Re: mid and cid URLs

Keith Moore (moore@cs.utk.edu)
Wed, 22 Nov 1995 02:02:44 -0500


Message-Id: <199511220702.CAA02772@wilma.cs.utk.edu>
From: Keith Moore <moore@cs.utk.edu>
To: asg@severn.wash.inmet.com (Al Gilman)
Cc: moore@cs.utk.edu (Keith Moore), uri@bunyip.com, elevinso@Accurate.COM,
Subject: Re: mid and cid URLs 
In-Reply-To: Your message of "Tue, 21 Nov 1995 17:17:48 EST."
             <9511212217.AA07499@severn.wash.inmet.com> 
Date: Wed, 22 Nov 1995 02:02:44 -0500

> To follow up on what Keith Moore said ...
>   
>   
>   I've been thinking of "cid", "message/external-body; access-type=cid"
>   (and by association, "mid") as *URL* schemes, especially (for the
>   former two) within the context of multipart/related.  Such a scheme is
>   useful even without the URN infrastructure.
>   
> For all the reasons that Ned has been teaching me, a "cid" does
> not represent a reliable _location_ reference.  It is a name used
> in searching for the cited object.  Even inside the same MIME
> multipart.

Sorry, I was being fuzzy with my wording.  I'll explain what I meant
by URN vs URL in the quote above.  

I can implement multipart/related and access-type=content-id (or cid
URLs) within multipart/related today, with no additional
infrastructure that's not already in place.  In this sense content-id
is like a URL; it requires no services that are not already available.

On the other hand, I can't provide the ability for arbitrary MIME
parts to reliably reference arbitrary objects by name, without some
infrastructure for keeping track of the locations of those objects and
mapping names to locations, like that anticipated for URNs.


> The Message-ID is in use today as an object name in the
> "In-reply-to" header in RFC 822 mail that knows nothing about
> MIME.  And it is now used by Hypermail at random _receiving_
> sites that have nothing to do with the sending location to
> reconstruct threads of dialog.
> 
> You don't have to define and provide a retrieval service for object
> naming on widely-distributed objects like RFC 822 mail and News to
> be a useful construct.

Yes, message-id is useful, and I didn't mean to imply otherwise.  But
being able to thread articles together by message-id (especially
articles which were all posted to the same mailing list) isn't the
same thing as being able to refer to arbitrary files by name within
messages and expecting mail readers (or web clients, whatever) to be
able to access those files.

If people are satisfied with the ability to follow message threads for
messages posted to a single list and which are all availble from one
repository, we don't need to define any more infrastructure to
accomplish this.  The extra services are only needed when we want to
be able to reference a much wider collection of documents by name, to
have those references be usable for an extended period of time, etc.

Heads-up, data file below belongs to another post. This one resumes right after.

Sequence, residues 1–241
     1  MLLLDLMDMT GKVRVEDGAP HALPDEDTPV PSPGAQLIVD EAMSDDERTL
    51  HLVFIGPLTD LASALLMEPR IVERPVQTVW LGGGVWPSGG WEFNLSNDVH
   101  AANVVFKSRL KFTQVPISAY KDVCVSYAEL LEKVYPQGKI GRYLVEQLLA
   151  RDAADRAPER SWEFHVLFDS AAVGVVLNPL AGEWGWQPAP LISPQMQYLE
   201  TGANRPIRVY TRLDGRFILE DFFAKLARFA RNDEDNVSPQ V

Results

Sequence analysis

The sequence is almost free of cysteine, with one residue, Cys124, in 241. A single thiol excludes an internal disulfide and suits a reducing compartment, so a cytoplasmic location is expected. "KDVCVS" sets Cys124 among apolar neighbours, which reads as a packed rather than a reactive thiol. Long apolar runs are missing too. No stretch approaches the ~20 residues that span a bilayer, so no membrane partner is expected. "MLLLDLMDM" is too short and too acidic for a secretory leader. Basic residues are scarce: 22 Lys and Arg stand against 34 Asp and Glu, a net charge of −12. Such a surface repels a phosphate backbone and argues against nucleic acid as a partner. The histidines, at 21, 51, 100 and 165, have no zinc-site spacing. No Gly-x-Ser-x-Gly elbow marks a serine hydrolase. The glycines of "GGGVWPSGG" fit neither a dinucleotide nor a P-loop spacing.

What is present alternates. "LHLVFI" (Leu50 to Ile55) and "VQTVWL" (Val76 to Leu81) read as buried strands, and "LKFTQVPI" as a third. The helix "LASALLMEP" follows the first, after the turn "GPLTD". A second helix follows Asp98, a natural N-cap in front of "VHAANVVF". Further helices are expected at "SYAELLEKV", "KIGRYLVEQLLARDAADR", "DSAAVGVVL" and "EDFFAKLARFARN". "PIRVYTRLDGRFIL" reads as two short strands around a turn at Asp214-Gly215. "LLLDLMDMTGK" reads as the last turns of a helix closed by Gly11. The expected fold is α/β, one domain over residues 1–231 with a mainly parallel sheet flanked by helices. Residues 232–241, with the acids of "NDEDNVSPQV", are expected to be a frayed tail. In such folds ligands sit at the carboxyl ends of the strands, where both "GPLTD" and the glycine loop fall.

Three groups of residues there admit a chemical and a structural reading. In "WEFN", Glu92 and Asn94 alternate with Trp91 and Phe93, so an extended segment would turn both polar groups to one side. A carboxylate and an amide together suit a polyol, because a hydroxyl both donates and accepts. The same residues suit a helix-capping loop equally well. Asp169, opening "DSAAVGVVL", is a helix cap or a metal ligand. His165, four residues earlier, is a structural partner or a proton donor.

How did we get here?  From my vague recollection:

+ some people saw the need for intra-message references in MIME and
  proposed a mechanism for it using content-ids and message/external-body
  (thus involving minimal changes to MIME)

+ someone else saw the need for a URL message/external-body access-type,
  (thus bringing about greater intergration between email and the web)

+ someone noticed that if content-id URLs were defined, they could fit
  into the URL access-type (similarly for message-ids)

+ other people noticed that some subset of {message-ids, content-ids, and 
  article-ids from netnews} look the same and suggested that they all
  be handled by the same syntax or mechanism.

+ eventually people started talking about how to make these look like
  traditional URLs, or how to make URNs look like message-ids.

+ others saw that these things are really a kind of URN, and 
  proposed them as a URN scheme

It might not seem so, but there's a large gap in implementation
difficulty between the first view of the world and the last ones.

I'll now informally state Keith's Design Principle of URN Interoperability:

	You should be able to type any kind of "URN" into any blank
	labeled "URN" and get a reasonable result.

This implies that while you may have separate and disjoint URN spaces
for the purpose of assignment, you should not have to remember the
difference between the characteristcs of a "cid" URN and another kind
of URN, and you should not have to know that you can type a "cid" URN
into this blank labeled URN, but not into some other blank labeled
URN.  If URNs don't have this characteristic, they're not a big
improvement over URLs...they will still pretty much be tied to a
protocol for resolution purposes (even if that protocol is 
"grep Message-ID:{string} ~/Mail/folder/*")  In practice, message-ids or 
URLs would do just as well for this purpose.

So to put it another way:

If we just want unique names, we've already got them -- they're called
message-ids and content-ids.  They're pretty much sufficient as-is for
references between different messages in the same thread and different
body parts in the same message, respectively.

If we want references in messages that can refer to arbitrary other
files, you can use URLs (now) or URNs (eventually) to do this.

But ... just because a content-id or a message-id has some of the
characteristics of a URN, doesn't mean we can derive much additional
benefit from calling it a URN.  The extra benefit from URNs over
message-ids will be from a resolution infrastructure, not from a
unified syntax.

Keith